Monday, January 29, 2007

Zimbabwe Supreme Court Considers Rastafarian Challenge To School Rules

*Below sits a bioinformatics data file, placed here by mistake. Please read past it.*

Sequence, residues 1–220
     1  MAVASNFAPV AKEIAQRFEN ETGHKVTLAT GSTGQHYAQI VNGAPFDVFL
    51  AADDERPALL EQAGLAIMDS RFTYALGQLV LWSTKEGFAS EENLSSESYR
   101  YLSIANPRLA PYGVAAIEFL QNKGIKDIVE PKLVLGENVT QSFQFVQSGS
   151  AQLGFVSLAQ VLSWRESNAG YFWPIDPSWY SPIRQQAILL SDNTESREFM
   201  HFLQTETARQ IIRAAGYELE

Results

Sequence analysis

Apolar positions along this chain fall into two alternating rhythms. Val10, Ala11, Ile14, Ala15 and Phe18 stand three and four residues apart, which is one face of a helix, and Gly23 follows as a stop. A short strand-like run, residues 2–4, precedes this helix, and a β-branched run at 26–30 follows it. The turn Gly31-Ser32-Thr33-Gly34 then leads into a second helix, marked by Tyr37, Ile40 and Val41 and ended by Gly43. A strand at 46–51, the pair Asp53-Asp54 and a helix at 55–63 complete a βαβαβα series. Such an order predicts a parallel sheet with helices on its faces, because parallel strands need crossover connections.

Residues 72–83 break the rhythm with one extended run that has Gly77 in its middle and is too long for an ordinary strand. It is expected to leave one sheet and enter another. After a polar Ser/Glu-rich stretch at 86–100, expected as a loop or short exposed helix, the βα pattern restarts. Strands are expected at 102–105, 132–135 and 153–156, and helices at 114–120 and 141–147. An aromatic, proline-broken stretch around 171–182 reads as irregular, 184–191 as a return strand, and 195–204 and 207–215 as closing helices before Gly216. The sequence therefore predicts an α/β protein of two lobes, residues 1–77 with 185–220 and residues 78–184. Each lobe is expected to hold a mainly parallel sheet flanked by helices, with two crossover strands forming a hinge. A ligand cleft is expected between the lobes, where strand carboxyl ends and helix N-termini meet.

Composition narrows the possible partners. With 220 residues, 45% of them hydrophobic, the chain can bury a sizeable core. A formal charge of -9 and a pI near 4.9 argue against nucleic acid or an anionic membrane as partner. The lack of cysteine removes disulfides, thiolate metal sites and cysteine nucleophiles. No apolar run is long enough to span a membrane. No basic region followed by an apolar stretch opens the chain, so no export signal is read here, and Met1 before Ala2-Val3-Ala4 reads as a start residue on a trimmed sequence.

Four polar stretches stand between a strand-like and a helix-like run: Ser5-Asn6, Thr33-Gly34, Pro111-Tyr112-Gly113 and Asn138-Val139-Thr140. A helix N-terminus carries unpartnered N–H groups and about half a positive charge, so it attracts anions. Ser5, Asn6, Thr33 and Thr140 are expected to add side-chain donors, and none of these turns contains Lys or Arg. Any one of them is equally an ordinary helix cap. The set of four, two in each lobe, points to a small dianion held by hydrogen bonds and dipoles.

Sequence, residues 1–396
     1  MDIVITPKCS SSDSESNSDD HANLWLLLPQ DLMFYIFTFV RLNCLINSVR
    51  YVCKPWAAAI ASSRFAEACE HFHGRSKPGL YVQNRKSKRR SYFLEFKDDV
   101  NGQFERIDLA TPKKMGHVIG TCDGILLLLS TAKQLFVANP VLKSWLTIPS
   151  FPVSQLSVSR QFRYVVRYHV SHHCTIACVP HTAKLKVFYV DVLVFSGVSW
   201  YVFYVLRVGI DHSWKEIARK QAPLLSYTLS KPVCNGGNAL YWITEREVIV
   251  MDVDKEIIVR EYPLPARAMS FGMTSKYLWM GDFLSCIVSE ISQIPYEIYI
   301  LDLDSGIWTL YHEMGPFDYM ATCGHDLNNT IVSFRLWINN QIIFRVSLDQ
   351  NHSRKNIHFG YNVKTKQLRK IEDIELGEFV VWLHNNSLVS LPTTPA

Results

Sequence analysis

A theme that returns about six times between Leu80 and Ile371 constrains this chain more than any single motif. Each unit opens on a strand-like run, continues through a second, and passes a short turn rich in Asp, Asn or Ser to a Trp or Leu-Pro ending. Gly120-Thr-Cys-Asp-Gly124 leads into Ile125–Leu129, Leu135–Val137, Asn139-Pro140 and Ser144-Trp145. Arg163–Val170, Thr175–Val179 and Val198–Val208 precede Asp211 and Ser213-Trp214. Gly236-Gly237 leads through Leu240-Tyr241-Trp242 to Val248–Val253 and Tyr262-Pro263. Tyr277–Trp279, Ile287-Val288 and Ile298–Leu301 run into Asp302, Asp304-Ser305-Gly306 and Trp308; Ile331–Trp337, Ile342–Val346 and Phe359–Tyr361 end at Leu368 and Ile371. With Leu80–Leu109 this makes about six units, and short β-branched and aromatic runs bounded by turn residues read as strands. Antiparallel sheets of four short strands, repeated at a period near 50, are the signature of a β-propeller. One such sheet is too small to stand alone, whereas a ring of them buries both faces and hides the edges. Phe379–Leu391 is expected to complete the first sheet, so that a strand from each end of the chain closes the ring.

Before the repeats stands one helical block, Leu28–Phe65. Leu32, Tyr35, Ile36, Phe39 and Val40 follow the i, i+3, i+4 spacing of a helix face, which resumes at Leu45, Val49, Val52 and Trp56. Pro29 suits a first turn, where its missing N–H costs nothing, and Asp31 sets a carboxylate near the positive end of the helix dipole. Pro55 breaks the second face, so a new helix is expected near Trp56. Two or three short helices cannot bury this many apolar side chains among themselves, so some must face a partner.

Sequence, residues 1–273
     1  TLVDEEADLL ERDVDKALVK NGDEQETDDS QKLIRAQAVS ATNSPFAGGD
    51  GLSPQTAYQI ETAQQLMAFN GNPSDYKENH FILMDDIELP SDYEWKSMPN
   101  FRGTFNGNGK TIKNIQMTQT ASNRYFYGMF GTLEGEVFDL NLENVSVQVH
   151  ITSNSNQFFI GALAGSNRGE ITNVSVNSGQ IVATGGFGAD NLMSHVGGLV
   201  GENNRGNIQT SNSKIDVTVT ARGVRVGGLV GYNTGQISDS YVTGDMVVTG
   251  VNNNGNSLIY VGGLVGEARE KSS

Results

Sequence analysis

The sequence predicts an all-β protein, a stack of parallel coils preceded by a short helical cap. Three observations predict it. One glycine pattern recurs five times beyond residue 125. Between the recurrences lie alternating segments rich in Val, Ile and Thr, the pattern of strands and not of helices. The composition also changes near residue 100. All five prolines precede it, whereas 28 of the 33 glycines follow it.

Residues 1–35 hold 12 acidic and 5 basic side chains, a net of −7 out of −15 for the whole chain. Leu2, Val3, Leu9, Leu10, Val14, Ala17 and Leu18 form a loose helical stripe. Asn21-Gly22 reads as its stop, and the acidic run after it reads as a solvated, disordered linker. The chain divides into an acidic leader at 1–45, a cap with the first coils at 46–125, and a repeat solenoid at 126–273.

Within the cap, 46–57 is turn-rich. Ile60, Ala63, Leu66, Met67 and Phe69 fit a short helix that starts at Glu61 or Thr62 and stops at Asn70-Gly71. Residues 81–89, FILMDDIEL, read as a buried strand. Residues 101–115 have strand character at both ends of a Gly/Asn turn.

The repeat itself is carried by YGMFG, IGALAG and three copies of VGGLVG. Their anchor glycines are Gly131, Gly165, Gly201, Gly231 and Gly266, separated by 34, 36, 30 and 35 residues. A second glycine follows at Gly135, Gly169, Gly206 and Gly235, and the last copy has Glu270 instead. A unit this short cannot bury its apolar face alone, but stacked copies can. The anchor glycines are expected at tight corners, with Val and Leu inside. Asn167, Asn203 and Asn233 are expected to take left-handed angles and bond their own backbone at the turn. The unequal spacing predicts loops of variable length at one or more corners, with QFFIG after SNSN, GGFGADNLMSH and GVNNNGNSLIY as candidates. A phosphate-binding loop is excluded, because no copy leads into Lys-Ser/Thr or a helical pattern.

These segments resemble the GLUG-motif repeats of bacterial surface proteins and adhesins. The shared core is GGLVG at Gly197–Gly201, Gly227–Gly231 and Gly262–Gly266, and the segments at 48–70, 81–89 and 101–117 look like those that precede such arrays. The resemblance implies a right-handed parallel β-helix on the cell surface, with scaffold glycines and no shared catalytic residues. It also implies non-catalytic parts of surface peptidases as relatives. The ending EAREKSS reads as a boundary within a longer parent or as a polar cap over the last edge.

In Zimbabwe last week, the Supreme Court heard arguments in a case challenging the expulsion of a first-grade boy from Ruvheneko Primary School in Glen Norah because he came to school wearing dreadlocks. The Harare Herald today reports that the boy's family is challenging the school's rule as a violation of the Rastafarian student's religious freedom. Zimbabwe's Constitution (Sec. 19) protects freedom of religion and conscience, but provides that actions "under authority of law ... with respect to standards or qualifications to be required in relation to places of education" do not violate these protections unless the action is shown to "not to be reasonably justifiable in a democratic society". The boy's lawyer argued to the Supreme Court that the school's grooming provision was a rule and not a "law" as that term is used in the exclusion in Sec. 19. The first-grader is currently back in school under a lower court order that permitted him to attend wearing his dreadlocks pending a decision by the Supreme Court.